Parliament of World Religions – One

In November 2009 I attended the Parliament of World Religions in Melbourne. The program offered hundreds of sessions for roughly 7,000 conference participants. Each day provided numerous sessions focused on indigenous and aboriginal culture. For me, attending these sessions became a fast-track introduction to the cultural practices and issues facing Australian aborigines from their perspective.

One session was led by several Ngarinyin elders of the North-West Kimberly region and was entitled Maama—The Untouchables Ones: From Cave to Canvas. The session introduced us to a Ngarinyin art project currently underway which involved participants in one of the Ngarinyin people’s essential ceremonies. This ceremony inadvertently surfaced one of many dilemmas that can mark attempts to share practices across industrialized and earth-based cultures.

Maama refers to images in ancient cave paintings of their God Wanjina who created the immutable law of the land that governs many aspects of their traditional lives.

Until recently the cave art was ‘untouchable’ and only shown to members of the Ngarinyin communities, and sometimes not even to them. A Caucasian woman who has worked with these aborigines for some years opened the session. As a creative director, she supports the Ngarinyin’s effort to […]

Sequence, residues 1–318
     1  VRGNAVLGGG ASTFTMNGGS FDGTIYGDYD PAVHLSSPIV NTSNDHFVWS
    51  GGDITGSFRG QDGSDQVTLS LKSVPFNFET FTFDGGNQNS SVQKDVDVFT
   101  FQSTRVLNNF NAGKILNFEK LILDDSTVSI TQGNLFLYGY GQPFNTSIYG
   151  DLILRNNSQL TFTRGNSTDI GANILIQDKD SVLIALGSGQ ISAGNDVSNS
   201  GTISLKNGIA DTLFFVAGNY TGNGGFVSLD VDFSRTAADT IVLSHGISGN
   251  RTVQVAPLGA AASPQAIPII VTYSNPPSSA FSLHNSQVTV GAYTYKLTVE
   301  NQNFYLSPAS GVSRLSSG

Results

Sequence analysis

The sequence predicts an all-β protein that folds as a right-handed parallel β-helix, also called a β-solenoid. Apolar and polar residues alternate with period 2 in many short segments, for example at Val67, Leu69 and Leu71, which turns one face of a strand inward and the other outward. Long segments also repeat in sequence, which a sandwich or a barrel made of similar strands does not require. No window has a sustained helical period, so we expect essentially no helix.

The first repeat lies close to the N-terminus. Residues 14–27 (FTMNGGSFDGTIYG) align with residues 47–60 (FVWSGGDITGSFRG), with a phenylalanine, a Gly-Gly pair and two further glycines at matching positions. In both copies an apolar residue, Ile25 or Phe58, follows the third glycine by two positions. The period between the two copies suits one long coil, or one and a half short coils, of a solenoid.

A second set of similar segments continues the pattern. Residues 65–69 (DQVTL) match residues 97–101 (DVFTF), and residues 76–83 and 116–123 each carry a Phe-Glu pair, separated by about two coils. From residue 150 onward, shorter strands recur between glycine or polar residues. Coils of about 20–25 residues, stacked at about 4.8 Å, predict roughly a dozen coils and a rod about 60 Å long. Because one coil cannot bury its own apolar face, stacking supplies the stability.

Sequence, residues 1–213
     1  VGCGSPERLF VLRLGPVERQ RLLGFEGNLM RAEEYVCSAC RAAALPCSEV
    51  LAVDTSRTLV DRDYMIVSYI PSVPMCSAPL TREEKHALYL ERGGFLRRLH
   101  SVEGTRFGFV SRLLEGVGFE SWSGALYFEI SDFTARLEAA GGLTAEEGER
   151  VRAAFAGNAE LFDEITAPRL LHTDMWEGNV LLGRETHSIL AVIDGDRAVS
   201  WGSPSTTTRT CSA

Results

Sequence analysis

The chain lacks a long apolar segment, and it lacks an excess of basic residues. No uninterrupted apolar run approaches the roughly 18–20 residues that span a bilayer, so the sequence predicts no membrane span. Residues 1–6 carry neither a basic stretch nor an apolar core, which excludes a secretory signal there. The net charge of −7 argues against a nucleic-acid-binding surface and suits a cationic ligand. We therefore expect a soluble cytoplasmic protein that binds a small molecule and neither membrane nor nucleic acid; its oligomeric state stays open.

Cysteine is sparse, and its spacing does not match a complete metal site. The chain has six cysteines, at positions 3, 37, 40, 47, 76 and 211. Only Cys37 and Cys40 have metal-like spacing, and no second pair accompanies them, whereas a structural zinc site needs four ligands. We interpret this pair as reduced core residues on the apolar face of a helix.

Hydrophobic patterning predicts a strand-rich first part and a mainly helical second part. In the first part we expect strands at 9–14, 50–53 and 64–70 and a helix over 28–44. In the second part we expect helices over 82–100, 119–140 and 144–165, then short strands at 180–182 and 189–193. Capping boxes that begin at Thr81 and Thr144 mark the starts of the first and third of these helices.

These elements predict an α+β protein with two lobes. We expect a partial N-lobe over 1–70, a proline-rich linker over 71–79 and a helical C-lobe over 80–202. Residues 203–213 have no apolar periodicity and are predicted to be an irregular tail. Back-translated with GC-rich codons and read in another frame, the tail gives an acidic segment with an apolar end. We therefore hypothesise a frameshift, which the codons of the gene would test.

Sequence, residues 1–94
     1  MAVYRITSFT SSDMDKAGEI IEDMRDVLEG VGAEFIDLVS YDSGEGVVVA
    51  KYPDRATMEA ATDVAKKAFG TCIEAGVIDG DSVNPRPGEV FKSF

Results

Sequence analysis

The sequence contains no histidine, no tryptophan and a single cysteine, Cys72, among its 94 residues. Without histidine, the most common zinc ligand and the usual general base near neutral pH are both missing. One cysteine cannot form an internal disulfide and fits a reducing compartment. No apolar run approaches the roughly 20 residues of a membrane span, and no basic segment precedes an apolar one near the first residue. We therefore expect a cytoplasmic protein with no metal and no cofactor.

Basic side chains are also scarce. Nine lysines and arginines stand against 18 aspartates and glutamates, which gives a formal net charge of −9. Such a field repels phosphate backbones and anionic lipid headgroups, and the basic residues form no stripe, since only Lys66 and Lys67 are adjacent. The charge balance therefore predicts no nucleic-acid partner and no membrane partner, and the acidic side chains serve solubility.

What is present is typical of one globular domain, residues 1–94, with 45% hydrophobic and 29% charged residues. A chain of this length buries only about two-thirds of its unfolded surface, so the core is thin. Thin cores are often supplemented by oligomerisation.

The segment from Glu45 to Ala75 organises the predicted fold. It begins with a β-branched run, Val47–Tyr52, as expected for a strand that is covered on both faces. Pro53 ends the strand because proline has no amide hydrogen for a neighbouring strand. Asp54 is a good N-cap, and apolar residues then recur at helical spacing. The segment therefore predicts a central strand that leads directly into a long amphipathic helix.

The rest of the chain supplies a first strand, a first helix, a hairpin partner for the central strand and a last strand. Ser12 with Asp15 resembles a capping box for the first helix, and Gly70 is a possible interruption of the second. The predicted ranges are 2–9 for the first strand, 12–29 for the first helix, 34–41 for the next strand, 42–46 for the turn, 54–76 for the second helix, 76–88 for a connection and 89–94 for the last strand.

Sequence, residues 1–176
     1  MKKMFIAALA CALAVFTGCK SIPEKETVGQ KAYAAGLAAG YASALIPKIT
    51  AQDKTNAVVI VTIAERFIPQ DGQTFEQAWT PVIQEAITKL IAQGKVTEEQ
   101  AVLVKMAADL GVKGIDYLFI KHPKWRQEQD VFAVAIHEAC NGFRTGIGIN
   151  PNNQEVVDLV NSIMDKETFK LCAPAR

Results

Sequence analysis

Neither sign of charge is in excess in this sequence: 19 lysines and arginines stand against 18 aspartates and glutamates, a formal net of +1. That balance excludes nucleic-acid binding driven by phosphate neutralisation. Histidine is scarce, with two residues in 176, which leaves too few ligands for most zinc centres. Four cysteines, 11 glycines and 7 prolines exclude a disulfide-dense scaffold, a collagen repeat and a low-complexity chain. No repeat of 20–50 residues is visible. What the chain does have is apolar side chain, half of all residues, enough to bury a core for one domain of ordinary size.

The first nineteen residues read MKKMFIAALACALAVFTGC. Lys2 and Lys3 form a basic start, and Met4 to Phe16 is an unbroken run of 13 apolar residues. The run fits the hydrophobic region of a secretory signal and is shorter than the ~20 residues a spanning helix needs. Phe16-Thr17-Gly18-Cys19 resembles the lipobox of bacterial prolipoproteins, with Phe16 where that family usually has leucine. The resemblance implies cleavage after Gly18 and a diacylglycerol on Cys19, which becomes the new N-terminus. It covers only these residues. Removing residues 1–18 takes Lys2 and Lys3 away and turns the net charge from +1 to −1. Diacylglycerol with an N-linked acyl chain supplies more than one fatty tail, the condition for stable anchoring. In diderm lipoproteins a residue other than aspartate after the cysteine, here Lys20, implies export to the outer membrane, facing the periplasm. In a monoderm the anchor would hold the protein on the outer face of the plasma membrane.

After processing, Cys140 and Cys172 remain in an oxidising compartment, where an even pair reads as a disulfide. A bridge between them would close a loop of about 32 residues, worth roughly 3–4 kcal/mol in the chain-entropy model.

2019-01-30T12:08:24+00:00June 4th, 2010|Culture, Indigenous Wisdom|0 Comments

Direct Knowing

A couple of days ago I was reading the book, Yorro Yorro: Aboriginal Creation and Renewal of Nature and I came across a section that caught my attention. In this section Mowaljarlai, an Aboriginal Elder and co-author of the book, explains his way of relating and interacting with the natural environment to a photographer, who is traveling with him to photograph ancient rock art.

His description reminded me of a perspective Juan Nunez del Prado, a Peruvian Mestizo and p’aqo (shaman/priest), shared with me some years back. I was struck by how Mowaljarlai and Juan help us see how we can know the world through our senses, and what phenomenologists call direct encounter with nature, a way of knowing that is unmitigated by the intellect.

In the Western world, this direct way of knowing has largely been undervalued and our capacity for relying on and working with our subjective experience has been greatly diminished. For centuries, with the rise of industrialization, we have put emphasis on knowledge processes that rely mostly on objective and scientific observation rather than subjective experience. Fortunately, however, this […]